- RedState defends Trump, claiming that he and most of his supporters aren’t racist, and argues that people are only saying that he is as he is daring to oppose the GOP leadership’s preference for immigration reform.
While in the past, Trump has stated that his campaign will be self-financed, he is now apparently open to taking contributions – so long as donors do not expect political favors in return (Post Politics).
- In another somewhat surprising policy announcement, Trump also stated this week that he thinks the rich should pay more in taxes (Wonkblog)
- Looking ahead to the rest of the campaign, Talking Points Memo games out the Trump ‘nightmare’ scenarios, whereby he gains the nomination next year.
- The GOP are trying to persuade Trump to pledge to not run as a third party candidate if he fails to gain the nomination. They can make him take such a pledge, which would allow him to go on some state’s primary ballots, but they can’t make him honor it (The Fix).
- By Thursday, Trump was leading the GOP field with 28 percent (Talking Points Memo)…
- …but some are wondering if his support is overstated as many of his supporters in the polls appear to be unlikely voters (Outside the Beltway).
- Is Trump the Ross Perot of the 2016 election? (American Thinker).
- Trump was also in the news this week for his ejection of Univision anchor Jorge Ramos, from an Iowa press conference Trump was giving (RedState)…
- … and he’s also been whining that Fox News has not been treating him fairly (Crooks & Liars).
- The Fix has rather helpfully diagrammed all of Trump’s various feuds whilst he’s been running for the presidency, from Fox News to the other 2016 candidates.
Moving on to the rest of the Republican presidential field, The Hill’s Congress blog writes on Monday that serious GOP candidates should not embrace Donald Trump’s ‘fringe’ birthright citizenship theory and outlines the difficulties that any would face if they wished to change or challenge the 14th Amendment which established birthright citizenship. Townhall also looks at the GOP and immigration, writing this week that the party should pursue a policy which would involve sealing the borders and the creation of a ‘Purple Card’ which would be a form of amnesty.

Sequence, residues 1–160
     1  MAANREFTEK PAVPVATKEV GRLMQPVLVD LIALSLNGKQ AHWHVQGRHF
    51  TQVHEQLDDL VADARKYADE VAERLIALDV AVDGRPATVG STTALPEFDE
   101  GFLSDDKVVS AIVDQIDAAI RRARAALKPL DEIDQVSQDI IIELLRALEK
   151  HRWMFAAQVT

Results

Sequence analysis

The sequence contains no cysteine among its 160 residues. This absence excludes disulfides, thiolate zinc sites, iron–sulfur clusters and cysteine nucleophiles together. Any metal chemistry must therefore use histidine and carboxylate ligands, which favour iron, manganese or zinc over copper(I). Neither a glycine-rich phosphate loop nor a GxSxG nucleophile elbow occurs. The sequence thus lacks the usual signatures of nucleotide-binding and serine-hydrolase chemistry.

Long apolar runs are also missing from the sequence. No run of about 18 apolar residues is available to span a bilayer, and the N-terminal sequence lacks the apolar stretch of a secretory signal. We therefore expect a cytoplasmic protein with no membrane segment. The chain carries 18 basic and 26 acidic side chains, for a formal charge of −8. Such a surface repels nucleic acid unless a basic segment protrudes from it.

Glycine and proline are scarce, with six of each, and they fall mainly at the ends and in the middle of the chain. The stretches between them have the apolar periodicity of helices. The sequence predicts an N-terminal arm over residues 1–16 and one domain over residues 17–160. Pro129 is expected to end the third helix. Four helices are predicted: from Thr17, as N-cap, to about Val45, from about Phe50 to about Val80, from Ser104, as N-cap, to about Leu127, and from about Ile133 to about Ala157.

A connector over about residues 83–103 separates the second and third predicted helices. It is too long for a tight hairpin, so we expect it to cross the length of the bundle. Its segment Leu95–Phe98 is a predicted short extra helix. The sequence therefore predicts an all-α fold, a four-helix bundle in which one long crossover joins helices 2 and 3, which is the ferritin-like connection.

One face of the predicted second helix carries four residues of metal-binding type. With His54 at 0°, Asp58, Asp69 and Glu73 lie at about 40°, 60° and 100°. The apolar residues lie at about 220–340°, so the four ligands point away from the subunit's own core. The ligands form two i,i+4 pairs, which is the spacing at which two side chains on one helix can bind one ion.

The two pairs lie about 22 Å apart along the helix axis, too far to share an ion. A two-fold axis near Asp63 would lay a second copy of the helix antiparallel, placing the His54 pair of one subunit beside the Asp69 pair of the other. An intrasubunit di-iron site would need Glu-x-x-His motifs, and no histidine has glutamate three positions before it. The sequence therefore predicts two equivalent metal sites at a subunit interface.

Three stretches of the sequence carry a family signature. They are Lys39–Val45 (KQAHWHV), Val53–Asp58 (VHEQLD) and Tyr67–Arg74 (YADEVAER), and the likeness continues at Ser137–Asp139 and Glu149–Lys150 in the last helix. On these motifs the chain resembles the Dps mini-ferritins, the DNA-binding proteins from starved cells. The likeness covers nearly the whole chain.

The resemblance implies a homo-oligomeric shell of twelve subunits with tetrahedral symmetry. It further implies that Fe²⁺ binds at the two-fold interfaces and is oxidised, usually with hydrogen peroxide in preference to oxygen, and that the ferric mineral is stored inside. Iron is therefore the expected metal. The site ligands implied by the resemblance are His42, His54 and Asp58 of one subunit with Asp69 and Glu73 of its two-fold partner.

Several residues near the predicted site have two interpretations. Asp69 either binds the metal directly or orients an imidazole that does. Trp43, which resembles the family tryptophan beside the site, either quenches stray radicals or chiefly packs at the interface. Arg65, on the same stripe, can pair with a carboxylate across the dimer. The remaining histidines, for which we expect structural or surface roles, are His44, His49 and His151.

On Saturday, Outside the Beltway warns us not to expect the Republican presidential field to shrink to any great degree before the Iowa Caucuses in February – mostly because of Donald Trump’s influence in the race. Previous presidential primary contests have been characterized by more infighting between moderate candidates which has tended to begin to shrink the field at this point in the cycle.
Turning now to the GOP’s still-large field:
- Neurosurgeon Ben Carson wants to use drone strikes on the caves used to transport Mexicans across the southern border (FreakOutNation).
- Wisconsin Governor, Scott Walker, has flip-flopped on immigration once again at the same time his polling number are crashing (Outside the Beltway)…
- …while Post Politics has six ways that Walker has become more like Donald Trump.
- Political Heat meanwhile takes Walker to task for his opposition to Planned Parenthood, and calls him a hypocrite given that the Governor’s flagship jobs agency, the Wisconsin Economic Development Corporation, gave substantial sums to a medical firm which did research on fetal tissue.